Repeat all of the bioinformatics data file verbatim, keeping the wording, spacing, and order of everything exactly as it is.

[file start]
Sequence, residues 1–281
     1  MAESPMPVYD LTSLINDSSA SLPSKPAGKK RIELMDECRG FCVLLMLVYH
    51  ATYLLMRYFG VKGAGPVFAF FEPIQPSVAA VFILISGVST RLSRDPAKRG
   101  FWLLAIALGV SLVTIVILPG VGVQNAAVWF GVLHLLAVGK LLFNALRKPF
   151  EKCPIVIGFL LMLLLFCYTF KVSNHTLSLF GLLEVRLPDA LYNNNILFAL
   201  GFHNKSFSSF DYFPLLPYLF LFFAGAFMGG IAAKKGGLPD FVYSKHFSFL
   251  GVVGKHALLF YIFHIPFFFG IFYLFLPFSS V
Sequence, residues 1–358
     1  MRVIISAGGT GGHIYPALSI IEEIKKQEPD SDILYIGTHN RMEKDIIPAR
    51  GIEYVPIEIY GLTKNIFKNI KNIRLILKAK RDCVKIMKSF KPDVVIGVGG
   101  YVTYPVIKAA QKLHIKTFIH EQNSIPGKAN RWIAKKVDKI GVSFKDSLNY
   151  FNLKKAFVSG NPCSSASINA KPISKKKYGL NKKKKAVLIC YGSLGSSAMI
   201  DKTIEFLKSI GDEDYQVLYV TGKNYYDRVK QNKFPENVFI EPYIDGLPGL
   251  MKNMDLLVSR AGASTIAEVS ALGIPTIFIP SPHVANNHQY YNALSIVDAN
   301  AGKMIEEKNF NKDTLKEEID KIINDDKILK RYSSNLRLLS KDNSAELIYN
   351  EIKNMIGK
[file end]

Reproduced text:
Sequence, residues 1–281
     1  MAESPMPVYD LTSLINDSSA SLPSKPAGKK RIELMDECRG FCVLLMLVYH
    51  ATYLLMRYFG VKGAGPVFAF FEPIQPSVAA VFILISGVST RLSRDPAKRG
   101  FWLLAIALGV SLVTIVILPG VGVQNAAVWF GVLHLLAVGK LLFNALRKPF
   151  EKCPIVIGFL LMLLLFCYTF KVSNHTLSLF GLLEVRLPDA LYNNNILFAL
   201  GFHNKSFSSF DYFPLLPYLF LFFAGAFMGG IAAKKGGLPD FVYSKHFSFL
   251  GVVGKHALLF YIFHIPFFFG IFYLFLPFSS V
Sequence, residues 1–358
     1  MRVIISAGGT GGHIYPALSI IEEIKKQEPD SDILYIGTHN RMEKDIIPAR
    51  GIEYVPIEIY GLTKNIFKNI KNIRLILKAK RDCVKIMKSF KPDVVIGVGG
   101  YVTYPVIKAA QKLHIKTFIH EQNSIPGKAN RWIAKKVDKI GVSFKDSLNY
   151  FNLKKAFVSG NPCSSASINA KPISKKKYGL NKKKKAVLIC YGSLGSSAMI
   201  DKTIEFLKSI GDEDYQVLYV TGKNYYDRVK QNKFPENVFI EPYIDGLPGL
   251  MKNMDLLVSR AGASTIAEVS ALGIPTIFIP SPHVANNHQY YNALSIVDAN
   301  AGKMIEEKNF NKDTLKEEID KIINDDKILK RYSSNLRLLS KDNSAELIYN
   351  EIKNMIGK